Intra- and interannual vegetation change: Implications for long-term research

Julie E. Korb, Peter Z. Fulé

Research output: Contribution to journalArticlepeer-review

6 Scopus citations


To draw reliable conclusions from forest restoration experiments, it is important that long-term measurements be repeatable or year-to-year variability may interfere with the correct interpretation of treatment effects. We used permanent plots in a long-term restoration study in southwestern Colorado to measure herbaceous and shrub vegetation at three dates within a single year (June, July, and August), and between years (2003 and 2005), on untreated control plots in a warm, dry mixed conifer forest. Growing season precipitation patterns were similar between 2003 and 2005, so differences in vegetation should be related primarily to differences in the sampling month. Significant indicator species for each sampling month were present within a single year (2005), primarily reflecting early-season annuals. We found no significant differences for total species abundance (2005). Species richness, abundance, and indicator species were significantly different between years for different sampling months indicating that sampling should be conducted within a similar time frame to avoid detecting differences that are not due to treatment effects or variations in year-to-year climate. These findings have implications for long-term research studies where the objectives are to detect changes over time in response to treatments, climate variation, and natural processes. Long-term sampling should occur within a similar phenological time frame each year over a short amount of time and should be based on the following criteria: (1) the sampling period is congruent with research objectives such as detecting rare species or peak understory abundance and (2) the sampling period is feasible in regard to personnel and financial constraints.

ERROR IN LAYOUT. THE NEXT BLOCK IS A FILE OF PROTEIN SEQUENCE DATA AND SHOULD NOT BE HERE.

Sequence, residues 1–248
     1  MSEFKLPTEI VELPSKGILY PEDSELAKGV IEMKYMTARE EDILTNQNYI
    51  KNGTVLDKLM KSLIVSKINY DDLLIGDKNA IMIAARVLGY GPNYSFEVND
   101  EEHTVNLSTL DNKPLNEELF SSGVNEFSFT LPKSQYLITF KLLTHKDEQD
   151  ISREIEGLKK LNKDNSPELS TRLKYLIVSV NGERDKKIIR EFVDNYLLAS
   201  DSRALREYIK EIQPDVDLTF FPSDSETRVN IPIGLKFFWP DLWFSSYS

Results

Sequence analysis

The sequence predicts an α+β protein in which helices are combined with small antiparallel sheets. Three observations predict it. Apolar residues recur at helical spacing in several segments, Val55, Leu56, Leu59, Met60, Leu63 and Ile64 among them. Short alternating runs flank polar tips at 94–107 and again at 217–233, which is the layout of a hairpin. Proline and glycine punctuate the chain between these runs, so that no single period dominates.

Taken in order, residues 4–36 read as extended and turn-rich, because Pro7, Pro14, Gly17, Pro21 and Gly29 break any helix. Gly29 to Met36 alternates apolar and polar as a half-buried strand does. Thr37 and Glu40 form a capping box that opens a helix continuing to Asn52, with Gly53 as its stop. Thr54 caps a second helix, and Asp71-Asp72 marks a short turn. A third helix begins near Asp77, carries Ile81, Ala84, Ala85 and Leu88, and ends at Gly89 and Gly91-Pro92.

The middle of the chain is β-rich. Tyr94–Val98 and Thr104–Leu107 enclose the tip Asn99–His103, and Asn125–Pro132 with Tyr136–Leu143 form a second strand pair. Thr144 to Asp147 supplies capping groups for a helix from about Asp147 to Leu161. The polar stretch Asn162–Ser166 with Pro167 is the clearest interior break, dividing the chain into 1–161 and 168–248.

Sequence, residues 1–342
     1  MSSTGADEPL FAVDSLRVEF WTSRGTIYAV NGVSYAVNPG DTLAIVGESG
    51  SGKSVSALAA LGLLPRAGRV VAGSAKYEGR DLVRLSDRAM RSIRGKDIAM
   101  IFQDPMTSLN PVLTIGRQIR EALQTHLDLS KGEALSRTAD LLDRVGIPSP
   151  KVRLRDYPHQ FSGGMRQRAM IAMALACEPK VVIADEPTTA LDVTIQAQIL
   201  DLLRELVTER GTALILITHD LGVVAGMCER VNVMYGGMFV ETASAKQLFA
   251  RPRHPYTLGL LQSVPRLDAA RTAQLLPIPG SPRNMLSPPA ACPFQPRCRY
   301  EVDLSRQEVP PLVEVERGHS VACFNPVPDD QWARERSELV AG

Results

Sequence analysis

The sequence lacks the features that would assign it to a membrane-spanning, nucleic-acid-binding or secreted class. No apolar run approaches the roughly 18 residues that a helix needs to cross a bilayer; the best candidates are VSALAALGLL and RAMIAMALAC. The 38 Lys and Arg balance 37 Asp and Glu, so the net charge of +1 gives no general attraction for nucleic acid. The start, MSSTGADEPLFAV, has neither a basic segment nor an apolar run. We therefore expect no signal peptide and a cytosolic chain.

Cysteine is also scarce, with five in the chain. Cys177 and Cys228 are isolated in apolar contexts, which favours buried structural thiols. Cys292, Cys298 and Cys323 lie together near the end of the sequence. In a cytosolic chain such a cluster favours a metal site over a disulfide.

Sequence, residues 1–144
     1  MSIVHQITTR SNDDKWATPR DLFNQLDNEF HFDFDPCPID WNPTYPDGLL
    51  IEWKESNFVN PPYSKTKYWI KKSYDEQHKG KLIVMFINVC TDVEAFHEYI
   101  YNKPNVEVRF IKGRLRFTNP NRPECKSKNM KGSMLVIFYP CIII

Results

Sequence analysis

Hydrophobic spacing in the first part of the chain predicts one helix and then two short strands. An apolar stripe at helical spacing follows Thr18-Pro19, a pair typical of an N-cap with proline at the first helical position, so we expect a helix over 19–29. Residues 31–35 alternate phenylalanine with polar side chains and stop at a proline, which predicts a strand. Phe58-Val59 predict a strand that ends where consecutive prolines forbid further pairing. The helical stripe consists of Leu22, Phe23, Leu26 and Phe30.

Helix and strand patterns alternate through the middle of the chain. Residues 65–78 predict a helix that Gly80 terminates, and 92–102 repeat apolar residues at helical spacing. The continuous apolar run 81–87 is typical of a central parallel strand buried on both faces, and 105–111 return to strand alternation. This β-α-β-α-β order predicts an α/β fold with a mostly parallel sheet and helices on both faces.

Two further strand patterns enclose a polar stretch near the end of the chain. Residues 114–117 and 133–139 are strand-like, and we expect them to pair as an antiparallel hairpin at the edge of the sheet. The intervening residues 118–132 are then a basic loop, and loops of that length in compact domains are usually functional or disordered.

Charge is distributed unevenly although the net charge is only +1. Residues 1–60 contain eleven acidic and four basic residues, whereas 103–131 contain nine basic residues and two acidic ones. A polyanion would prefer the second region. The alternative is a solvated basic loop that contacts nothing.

Original languageEnglish (US)
Pages (from-to)5-11
Number of pages7
JournalRestoration Ecology
Issue number1
StatePublished - Mar 2008


  • Forest ecology
  • Herbaceous
  • Methodology
  • Monitoring
  • Plant community dynamics
  • Succession

ASJC Scopus subject areas

  • Ecology, Evolution, Behavior and Systematics
  • Ecology
  • Nature and Landscape Conservation


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